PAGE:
Does anyone else think Kat Gordon’s perspectives make sense less than 3% of the time?
Gordon possibly topped her spinach-in-your-teeth nonsense with an Adweek column on the upcoming Super Bowl commercials that displays all the keen insight of an NFL-challenged woman who only watches the annual championship game for the half-time concert. No, honey, Deflategate is not a new VIAGRA® campaign.
In her latest delusional discussion, Gordon proclaimed this year’s Super Bowl commercials reflect a fresh effort to show “What it means to be an American in 2015.” Gordon continued by declaring, “As President Obama challenged in his recent State of the Union address: ‘Imagine if we broke out of these tired, old patterns.’ It appears Madison Avenue has not only already imagined this, but is delivering on it. We’ll see spots that are newly multicultural and inclusive.”
Perhaps, but the creators of the work are anything but multicultural and inclusive. To praise faux progressive propaganda produced by a predominately White male and White female posse is pathetic.
Has Gordon abandoned her alleged desire to battle for equality? Somebody locate the fiery fighter who once stated, “I am not advocating on behalf of my gender. I’m advocating on behalf of our industry. We all will prosper—every gender, ethnicity and culture—when we stop perpetuating this maxim [‘It doesn’t matter who does the creative, as long as they’re good.’] and embrace a more complex and prosperous truth.”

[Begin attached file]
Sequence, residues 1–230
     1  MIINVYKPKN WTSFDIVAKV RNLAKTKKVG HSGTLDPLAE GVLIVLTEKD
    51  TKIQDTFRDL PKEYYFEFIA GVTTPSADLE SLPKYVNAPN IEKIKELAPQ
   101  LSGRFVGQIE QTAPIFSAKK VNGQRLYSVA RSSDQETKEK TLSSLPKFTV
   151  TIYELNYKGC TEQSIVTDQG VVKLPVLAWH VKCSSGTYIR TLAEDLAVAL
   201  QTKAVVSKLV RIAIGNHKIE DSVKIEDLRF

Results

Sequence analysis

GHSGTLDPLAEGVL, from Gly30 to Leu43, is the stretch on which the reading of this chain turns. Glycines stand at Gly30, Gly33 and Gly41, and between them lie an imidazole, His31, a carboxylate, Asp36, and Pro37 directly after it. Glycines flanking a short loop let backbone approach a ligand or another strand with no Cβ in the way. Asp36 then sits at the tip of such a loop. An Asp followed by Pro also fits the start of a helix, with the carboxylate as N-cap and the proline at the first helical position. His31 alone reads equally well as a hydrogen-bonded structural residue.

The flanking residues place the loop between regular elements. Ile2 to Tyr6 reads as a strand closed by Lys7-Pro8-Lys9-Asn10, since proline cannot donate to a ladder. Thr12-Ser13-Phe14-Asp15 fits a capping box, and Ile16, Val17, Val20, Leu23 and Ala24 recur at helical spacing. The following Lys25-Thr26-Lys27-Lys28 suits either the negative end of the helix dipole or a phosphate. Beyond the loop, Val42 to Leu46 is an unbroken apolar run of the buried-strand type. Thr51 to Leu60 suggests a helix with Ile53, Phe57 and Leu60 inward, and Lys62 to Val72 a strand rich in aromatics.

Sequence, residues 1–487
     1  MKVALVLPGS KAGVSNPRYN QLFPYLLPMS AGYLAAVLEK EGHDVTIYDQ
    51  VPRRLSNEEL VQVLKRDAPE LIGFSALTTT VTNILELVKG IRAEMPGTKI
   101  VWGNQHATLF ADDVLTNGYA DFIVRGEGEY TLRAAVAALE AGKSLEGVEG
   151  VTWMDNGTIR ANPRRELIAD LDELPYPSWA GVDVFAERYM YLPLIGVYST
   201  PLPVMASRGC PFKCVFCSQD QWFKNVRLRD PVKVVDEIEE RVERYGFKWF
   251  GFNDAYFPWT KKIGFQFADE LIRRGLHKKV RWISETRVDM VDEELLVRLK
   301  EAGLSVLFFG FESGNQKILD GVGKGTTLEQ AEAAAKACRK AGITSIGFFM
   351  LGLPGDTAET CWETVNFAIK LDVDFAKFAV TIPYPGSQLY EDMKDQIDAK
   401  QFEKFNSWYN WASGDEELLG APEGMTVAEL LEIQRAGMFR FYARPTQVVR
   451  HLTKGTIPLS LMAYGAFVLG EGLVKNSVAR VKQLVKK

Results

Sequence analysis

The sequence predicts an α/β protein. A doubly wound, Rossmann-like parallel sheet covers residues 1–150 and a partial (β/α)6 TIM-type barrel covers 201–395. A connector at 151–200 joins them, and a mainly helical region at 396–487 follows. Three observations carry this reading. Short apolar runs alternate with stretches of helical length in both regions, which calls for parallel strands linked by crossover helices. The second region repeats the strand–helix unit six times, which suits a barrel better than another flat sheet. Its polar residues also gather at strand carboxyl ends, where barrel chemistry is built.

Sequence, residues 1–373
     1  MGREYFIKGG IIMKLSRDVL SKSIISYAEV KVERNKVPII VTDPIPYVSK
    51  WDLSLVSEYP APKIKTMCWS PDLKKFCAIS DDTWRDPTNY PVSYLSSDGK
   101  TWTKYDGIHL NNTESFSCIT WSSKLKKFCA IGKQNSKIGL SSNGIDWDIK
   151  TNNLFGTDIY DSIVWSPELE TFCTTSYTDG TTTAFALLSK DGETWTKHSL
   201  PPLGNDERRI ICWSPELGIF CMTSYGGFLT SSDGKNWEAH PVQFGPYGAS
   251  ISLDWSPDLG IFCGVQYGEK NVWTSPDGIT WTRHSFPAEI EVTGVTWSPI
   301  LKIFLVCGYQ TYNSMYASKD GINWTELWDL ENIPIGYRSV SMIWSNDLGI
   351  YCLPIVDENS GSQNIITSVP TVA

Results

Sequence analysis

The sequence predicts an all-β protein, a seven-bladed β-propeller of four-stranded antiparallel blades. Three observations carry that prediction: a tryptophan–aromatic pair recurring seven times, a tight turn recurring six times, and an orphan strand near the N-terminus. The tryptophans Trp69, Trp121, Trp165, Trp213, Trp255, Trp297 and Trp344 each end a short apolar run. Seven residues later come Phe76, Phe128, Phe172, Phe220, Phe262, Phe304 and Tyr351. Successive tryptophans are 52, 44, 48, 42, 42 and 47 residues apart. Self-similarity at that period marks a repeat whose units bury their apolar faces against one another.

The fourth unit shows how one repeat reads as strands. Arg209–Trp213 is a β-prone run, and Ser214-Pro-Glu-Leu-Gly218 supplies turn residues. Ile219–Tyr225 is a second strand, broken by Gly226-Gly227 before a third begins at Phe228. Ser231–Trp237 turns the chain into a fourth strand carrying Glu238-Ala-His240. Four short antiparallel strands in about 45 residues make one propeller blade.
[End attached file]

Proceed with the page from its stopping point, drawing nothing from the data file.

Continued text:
A 2010 report revealed the exclusivity of the folks behind Super Bowl commercials. It’s unlikely that much has changed in five years, as diversity remains a dream deferred and denied in adland—and the industry’s been in deferment and denial for over 60 years.
On the flipside, White women have made great strides in the field and continue to grow in numbers, despite whining to the contrary. But this White women’s movement—happening in US and UK advertising agencies, as well as many other industries—has been accelerating for decades.
Coincidentally, Gordon has scheduled a 3% girlfriends get-together for Super Bowl Sunday, which will take place on the first day of Black History Month. But don’t expect acknowledgment from Gordon and crew, even though White women comprise the group that has most benefited from affirmative action.
Gordon and her friends, incidentally, will be tweeting commentary on the Super Bowl commercials. Um, similar to the Clio Creative Bowl, does anyone really give a shit about self-absorbed opinions from clans of predominately White adpeople?
Additionally, Gordon is wrong to contend that the spots constitute “a lineup that sidesteps stale stereotypes in favor of new characters and storylines more in keeping with what the U.S. looks, feels and sounds like in 2015.” The commercials she references are simply the current pseudo-liberal clichés and stereotypes churned out by White advertising agencies and embraced by White advertisers. For example, the 2014 Cheerios spot is not “in keeping with what the U.S. looks, feels and sounds like,” as Black and White unions are the least common of interracial marriages.
Can’t help but feel like Gordon’s viewpoints are essentially promotional pieces for her 3% Conference—which makes her revolutionary spirit seem, well, patronizing. Sorry, but the 2015 Super Bowl commercials do not represent “What it means to be an American in 2015.” Rather, they ultimately underscore what it means to be a Black American, Latino American, Asian American, Native American, etc. on Madison Avenue in 2015—as well as spotlight the never-ending privileged status of White men and White women in our ranks.
Can you link this article to the comments on this other one? They feel like an important part of the conversation.
Added reference and link into content. Thanks.
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